Where Should I Host My Blog?
How to choose between blog platforms is a common question among bloggers. The funny thing is that no one really wants to say definitively which blog platform is the best. The simplest answer to this question is that it depends on what you want to do with it. Let’s have a look at three of the more popular blog platforms so you can get a clearer idea of what you’re getting.
Blogger.com is a perennial favorite among blog writers. It’s easy to use, especially if all you really want to do is write blogs. As of the writing of this entry, Blogger’s Alexa rank was a hefty #5.
This makes it a great blogging platform if you want to link back to your website for SEO purposes. They also have a lot of templates, are easy to customize if you know a little HTML, and their support is awesome. The main area that it falls short compared to WordPress is that there isn’t a downloadable version that you can put on a business website.
WordPress is another huge favorite for blogging. Livejournal.com, for instance, was designed using WordPress software. Currently, WordPress has an Alexa rank of 18, which keeps it within reach of competing with Blogger. One particular advantage that WordPress has over Blogger is that your blog isn’t kept on a subdomain, so you have a slight edge in search engine rankings.
The biggest problem most people have with WordPress is that there are a lot of stipulations that you have to abide by to have them host your blog. Also, you have to pay for a lot of the customization options, which you may discover that you don’t actually need until it’s too late. The real value of WordPress over Blogger is that you can download the software and put it up on your own website to give it dynamic content, or you can host it on a site like GoDaddy to get around the many content stipulations that you would have if you hosted it on WordPress.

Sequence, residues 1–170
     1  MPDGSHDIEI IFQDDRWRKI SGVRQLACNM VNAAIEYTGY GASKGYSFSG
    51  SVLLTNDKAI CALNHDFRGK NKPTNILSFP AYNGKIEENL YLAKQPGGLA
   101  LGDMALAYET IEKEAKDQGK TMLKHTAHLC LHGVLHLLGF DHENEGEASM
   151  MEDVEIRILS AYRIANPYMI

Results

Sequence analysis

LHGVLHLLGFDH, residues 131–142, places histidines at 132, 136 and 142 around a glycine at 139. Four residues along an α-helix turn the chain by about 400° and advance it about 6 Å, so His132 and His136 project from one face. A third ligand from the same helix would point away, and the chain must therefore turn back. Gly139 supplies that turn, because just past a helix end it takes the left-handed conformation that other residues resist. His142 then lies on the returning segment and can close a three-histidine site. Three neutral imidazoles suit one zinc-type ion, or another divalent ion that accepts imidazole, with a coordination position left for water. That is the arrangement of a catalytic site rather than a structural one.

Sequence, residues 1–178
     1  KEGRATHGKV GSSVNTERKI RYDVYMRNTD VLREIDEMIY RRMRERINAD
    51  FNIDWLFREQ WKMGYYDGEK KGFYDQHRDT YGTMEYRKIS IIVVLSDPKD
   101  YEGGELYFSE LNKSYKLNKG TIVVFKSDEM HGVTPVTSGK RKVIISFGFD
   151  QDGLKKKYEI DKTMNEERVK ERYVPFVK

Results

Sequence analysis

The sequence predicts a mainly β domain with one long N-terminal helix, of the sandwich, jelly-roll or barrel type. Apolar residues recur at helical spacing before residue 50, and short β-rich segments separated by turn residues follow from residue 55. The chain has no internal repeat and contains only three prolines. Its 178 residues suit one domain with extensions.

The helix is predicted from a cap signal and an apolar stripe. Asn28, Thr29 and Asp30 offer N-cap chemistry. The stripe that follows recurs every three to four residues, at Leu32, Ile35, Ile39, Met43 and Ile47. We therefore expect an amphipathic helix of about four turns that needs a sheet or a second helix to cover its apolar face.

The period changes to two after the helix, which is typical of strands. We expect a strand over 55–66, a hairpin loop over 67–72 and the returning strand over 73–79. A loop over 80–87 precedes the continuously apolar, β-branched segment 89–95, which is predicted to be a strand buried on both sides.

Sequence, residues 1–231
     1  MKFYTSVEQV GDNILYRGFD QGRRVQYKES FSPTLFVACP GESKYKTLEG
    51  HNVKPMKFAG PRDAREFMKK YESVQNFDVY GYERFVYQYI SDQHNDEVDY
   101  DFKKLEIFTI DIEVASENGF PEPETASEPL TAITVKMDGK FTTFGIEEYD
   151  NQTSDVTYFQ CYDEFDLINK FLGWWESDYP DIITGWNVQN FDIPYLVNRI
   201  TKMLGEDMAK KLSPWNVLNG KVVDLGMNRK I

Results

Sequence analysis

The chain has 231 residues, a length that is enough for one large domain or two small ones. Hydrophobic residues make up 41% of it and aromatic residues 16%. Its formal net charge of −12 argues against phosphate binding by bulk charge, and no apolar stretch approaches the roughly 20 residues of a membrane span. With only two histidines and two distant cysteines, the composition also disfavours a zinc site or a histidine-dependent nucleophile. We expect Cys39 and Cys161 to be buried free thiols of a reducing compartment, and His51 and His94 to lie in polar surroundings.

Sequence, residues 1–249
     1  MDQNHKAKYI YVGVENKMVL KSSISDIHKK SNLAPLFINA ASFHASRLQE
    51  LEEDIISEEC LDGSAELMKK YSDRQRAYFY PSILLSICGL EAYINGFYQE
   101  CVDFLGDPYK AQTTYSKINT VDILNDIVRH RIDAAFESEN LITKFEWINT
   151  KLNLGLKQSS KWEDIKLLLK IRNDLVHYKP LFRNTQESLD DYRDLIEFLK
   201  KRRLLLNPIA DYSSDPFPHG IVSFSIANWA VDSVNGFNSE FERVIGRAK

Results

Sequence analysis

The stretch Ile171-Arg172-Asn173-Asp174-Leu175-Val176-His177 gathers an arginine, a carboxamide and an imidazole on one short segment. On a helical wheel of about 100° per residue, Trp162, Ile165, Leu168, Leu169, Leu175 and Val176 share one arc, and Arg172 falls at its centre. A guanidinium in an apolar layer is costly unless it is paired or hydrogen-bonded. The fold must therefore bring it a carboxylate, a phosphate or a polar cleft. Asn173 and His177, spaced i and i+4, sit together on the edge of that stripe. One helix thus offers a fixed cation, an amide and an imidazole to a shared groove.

Tumblr’s Alexa ranking at the time of this writing is #53. Tumblr has a blogging option, but that’s not where the real value of it is at. Most Tumblr users don’t pay much attention to the blogs. It mostly appears to be a venue to find interesting images, retumble them, and move on.
This isn’t incredibly useful to the average user, but it can be a goldmine of traffic and business for a blogger that wants to get as much as they can for minimal effort. Essentially, have the site to where you want to direct traffic in the contact information, submit photos to a “best photos” tumblr, and let it go viral. This has great potential especially if you’re trying to snag traffic from the mobile web.
As mentioned earlier, what you want to do with your blog will determine which platform you will want to use. If you “just” want to blog and maybe back link to a website, Blogger’s perfect for you. If you want to be found more easily, don’t mind content stipulations or want to set up a blog on your own host, WordPress is perfect. If your game is to direct traffic for your business and you don’t actually want to be social about it, Tumblr is the thing for you.